I have set up a tripod in the city before, to do long exposures. With long exposure shots, be it nature or city photography, you need a very stable tripod. This is one of the reasons I buy such good quality tripods. I’ve seen so many people with flimsy tripods doing multiple second long exposures, then wondering why their images are soft. The camera has to stay perfectly still, or it won’t work, and the only way you can make that happen, is with a good firm tripod. You also need to use a cable release or two second timer to get your hands away from the camera etc. but I’ve covered all that before in a dedicated episode, so we won’t go into that again today.
I also like to shoot wildlife hand-held, again, when it makes sense. If I’m shooting up to a medium telephoto, which in my books used to be something like my 300mm f/2.8 lens with an Extender, usually a 1.4X giving me a 420mm focal length. I also like to use the 70-200mm f/2.8, sometimes with the Extender, and I’ll pretty much always hand-hold these lenses if the wildlife is moving around, or I need to move around a lot to capture them from the best angle.
If the wildlife is not moving a lot or the light is getting low, this means hand-holding does not make sense any more, so I might go back to the tripod. Of course, I might have waited for the light to get low so that I could use a slowish shutter speed and do some panning, and I always hand hold for panning shots, because the action needs to be from the waste, and not rotating around a tripod, so again, it’s all about whether or not it makes sense to use a tripod.
Again, I’ve done episodes dedicated to this, so just a quick word, but there are times when a tripod is the best way to do macro work. Even as we breath we tend to rock back and forth a little, so for very close macro work, I find it works best to use a tripod, especially if I’m also using a Twin-Lite strobe and additional off camera flashes. I’ve done this hand held and it can be frustrating, and sometimes just not work at all, especially if you are trying to hold an off-camera flash in one hand and shoot with the other.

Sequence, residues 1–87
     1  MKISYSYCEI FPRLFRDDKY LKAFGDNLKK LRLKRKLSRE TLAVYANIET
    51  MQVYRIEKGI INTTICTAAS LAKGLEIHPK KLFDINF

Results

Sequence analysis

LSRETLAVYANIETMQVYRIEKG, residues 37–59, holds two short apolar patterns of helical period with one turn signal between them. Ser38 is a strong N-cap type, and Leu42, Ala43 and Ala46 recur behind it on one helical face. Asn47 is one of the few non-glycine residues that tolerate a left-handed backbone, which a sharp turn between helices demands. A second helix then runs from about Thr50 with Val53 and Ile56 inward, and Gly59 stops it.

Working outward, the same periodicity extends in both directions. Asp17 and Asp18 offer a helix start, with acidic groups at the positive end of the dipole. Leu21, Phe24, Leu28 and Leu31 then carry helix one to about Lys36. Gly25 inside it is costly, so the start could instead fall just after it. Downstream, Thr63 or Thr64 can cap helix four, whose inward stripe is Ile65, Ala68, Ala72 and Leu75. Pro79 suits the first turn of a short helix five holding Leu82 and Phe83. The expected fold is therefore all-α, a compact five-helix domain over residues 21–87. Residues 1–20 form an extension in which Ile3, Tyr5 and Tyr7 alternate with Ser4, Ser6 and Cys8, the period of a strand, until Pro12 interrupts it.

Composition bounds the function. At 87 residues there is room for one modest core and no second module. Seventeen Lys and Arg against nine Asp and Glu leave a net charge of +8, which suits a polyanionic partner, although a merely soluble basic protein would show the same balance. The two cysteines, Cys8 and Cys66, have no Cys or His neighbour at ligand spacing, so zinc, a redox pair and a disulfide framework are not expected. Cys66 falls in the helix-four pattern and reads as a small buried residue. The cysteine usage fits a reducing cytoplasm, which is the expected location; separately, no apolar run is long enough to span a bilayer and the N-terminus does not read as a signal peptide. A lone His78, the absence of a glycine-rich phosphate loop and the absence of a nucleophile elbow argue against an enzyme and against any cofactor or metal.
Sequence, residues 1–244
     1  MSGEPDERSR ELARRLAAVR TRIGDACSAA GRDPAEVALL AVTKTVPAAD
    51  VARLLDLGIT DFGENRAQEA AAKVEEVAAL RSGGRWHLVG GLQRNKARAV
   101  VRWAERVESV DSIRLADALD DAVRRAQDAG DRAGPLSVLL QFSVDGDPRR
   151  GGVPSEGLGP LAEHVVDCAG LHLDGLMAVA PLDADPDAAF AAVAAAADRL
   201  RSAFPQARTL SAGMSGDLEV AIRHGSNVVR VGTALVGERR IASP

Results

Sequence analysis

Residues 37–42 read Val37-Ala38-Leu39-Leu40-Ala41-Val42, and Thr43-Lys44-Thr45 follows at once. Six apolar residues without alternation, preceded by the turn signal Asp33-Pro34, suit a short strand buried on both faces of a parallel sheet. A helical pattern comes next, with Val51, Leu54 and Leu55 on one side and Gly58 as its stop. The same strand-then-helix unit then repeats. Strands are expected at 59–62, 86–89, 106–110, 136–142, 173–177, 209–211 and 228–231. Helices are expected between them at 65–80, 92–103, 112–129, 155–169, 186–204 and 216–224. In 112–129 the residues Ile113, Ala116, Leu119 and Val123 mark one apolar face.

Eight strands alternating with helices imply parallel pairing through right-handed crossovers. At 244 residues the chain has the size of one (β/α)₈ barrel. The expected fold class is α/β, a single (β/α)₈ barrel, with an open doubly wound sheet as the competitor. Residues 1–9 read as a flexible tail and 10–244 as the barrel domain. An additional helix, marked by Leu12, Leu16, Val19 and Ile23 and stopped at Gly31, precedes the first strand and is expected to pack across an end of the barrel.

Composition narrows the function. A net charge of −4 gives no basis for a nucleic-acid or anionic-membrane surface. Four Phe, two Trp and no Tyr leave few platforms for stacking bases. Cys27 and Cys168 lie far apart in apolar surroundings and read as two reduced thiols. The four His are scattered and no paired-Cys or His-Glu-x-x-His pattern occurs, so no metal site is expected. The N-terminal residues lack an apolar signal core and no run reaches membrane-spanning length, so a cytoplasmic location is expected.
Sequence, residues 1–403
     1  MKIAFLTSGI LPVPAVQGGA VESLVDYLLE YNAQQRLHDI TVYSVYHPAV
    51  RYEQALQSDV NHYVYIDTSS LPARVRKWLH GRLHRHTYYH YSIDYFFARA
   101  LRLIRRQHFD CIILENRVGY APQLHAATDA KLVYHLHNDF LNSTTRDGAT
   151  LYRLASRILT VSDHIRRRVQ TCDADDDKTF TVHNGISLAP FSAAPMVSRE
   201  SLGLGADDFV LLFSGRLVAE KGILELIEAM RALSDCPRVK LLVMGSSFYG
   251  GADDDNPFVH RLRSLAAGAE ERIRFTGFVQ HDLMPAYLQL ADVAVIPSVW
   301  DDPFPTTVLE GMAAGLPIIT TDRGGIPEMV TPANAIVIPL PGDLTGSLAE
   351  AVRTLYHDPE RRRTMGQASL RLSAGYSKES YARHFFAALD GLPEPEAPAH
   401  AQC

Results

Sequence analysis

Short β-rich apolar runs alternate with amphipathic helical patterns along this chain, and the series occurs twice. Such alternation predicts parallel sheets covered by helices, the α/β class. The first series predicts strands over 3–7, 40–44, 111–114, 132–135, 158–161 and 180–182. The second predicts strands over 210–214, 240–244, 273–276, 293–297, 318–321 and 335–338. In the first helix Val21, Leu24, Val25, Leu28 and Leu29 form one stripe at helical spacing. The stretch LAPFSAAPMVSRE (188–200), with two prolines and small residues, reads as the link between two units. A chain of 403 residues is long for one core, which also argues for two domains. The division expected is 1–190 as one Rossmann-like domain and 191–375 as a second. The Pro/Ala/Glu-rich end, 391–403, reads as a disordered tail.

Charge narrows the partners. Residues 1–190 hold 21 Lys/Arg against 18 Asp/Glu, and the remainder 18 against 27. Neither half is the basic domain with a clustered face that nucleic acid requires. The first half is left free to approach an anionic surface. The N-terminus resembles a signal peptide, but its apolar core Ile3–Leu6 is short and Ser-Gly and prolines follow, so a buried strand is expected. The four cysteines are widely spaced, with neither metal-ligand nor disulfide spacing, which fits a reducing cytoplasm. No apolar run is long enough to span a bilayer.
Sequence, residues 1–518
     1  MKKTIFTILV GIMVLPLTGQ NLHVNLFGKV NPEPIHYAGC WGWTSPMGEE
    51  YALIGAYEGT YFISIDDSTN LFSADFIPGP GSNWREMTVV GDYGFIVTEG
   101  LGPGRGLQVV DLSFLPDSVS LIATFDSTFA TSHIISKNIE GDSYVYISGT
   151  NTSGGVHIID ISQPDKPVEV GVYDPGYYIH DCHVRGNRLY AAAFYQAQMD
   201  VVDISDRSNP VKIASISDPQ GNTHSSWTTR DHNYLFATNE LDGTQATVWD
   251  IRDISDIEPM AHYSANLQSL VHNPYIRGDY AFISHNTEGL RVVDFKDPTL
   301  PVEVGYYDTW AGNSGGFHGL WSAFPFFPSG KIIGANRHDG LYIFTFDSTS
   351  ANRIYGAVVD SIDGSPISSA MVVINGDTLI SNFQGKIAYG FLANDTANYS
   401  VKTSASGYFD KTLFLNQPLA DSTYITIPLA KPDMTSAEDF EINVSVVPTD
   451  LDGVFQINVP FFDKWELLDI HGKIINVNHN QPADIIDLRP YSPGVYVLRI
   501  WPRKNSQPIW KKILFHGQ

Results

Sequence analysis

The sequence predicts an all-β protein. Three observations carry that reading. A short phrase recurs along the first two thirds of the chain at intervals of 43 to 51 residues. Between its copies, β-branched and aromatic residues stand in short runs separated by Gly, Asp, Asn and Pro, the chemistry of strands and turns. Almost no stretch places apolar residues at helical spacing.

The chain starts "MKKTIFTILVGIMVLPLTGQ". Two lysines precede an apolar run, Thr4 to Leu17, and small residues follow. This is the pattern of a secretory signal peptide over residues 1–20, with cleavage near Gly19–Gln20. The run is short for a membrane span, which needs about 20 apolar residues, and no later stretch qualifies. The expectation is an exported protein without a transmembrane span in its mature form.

I also always use a tripod when doing focus stacking. Especially for macro work, you don’t want the camera moving around, or Photoshop will have a job on its hands trying to align the images for you, and it sometimes doesn’t even work. Here’s a shot of a spritzed flower that I did a focus stack of to illustrate this technique in my latest ebook Sharp Shooter.
There are times of course when you are trying to capture an insect for example, flying from flower to flower, when you might go hand-held, and with the IS enabled macro lenses available now, it’s certainly an option. Again, it’s all about whether or not it makes sense to use the tripod, and sense is something that is very individual to each of us.
I find that when I’m shooting in a studio, with full blown studio lighting, I prefer to hand hold, even if I’m shooting still life. Firstly, I’m usually shooting at 1/200 or 1/250 of a second, and the flash is much faster than that, so camera shake isn’t really an issue. If I need to really work the framing, I might spend the time to set up a tripod, but I usually like to move around a little more freely, changing angles all the time, working the various nuances that a slightly different angle can create. When shooting people in the studio it’s even more the case. I like to move around a lot, and interact, as well as finding the various angles that really make the shot, so I never shoot people in the studio with a tripod.
We all shoot differently, so these guidelines are really just a summary of my shooting styles. You might find that using a tripod doesn’t work for you the way it does for me, or you prefer to use a tripod when I don’t. It’s really totally up to you, but if my own guidelines spark any ideas in you, then it’s probably been worth putting this together. The most important thing I think is to shoot as much as you can, and this will help you to define your shooting style for various subject types.
Find Really Right Stuff camera supports here: http://www.reallyrightstuff.com/
Music by UniqueTracks
Subscribe in iTunes for Enhanced Podcasts delivered automatically to your computer.
Download this Podcast in MP3 format (Audio Only).
Download this Podcast in Enhanced Podcast M4A format. This requires Apple iTunes or Quicktime to view/listen.